Brisbane City Council is about to vote on whether to declare a climate emergency: a powerful first step to building a future free of disasters like the 2011 floods in Brisbane. Local Break Free Action Group member Jo Owen shares her story and explains why this one matters so much.
Clover Moore, Lord Mayor of Sydney, has just declared a climate emergency in a bold demonstration of leadership. In doing so, Sydney has become the latest of 24 Australian local governments and territories representing over 2.5 million people to have formally acknowledged the climate emergency.
The government is not the country. Huge amounts of climate action can occur outside of what the Commonwealth government does. Cities, towns, states, territories, businesses, institutions of all kinds… all of these can take action.
My name is Oscar Alateras, I am a member of the School Strike 4 Climate movement and I have a message for each and every individual. In Australia, we have confirmed May 3rd as our next national immobilisation for climate action. We are calling it the National Day of Action.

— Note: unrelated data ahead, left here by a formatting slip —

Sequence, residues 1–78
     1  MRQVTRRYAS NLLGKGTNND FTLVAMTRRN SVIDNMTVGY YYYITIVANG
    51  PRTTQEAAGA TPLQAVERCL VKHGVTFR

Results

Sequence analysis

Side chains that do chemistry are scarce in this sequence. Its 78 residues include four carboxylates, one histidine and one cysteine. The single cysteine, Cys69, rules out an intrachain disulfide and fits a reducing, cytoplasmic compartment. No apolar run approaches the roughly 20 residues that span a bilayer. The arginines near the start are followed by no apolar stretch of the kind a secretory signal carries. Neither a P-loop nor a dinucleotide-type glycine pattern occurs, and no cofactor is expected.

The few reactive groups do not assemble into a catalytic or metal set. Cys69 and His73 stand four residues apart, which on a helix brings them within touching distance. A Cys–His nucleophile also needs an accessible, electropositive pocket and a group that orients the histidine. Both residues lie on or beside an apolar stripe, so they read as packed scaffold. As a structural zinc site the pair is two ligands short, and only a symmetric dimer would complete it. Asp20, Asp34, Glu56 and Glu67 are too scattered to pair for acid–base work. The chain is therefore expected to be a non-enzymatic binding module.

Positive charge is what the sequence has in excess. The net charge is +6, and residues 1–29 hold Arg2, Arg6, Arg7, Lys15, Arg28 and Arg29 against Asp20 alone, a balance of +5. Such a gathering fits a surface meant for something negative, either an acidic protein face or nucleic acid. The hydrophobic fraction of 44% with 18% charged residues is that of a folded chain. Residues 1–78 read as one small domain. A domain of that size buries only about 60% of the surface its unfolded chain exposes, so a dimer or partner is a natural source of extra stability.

Did you hear the news? The NSW Labor and Liberal Party have both announced new policies backing rooftop solar, hot on the heels of our cheeky stunt at NSW Parliament late last week, where we crashed NSW Labor’s big election fundraiser dinner to get our message across.
The parties of NSW have identified climate change and cost-of-living are key issues, and renewable energy allows them to address both of these. But with the major parties all racing to announce their policies to boost uptake of rooftop solar, how do their policies stack up?
NSW is lagging behind all the other states and territories in the transition to clean energy. NSW is a drought declared state, with catastrophic bushfires and extreme heat waves across the state. Regional towns are on the brink of running out of water, millions of fish are dying in the Murray Darling Basin and heatwaves are threatening lives. It's time for action, and we have a plan.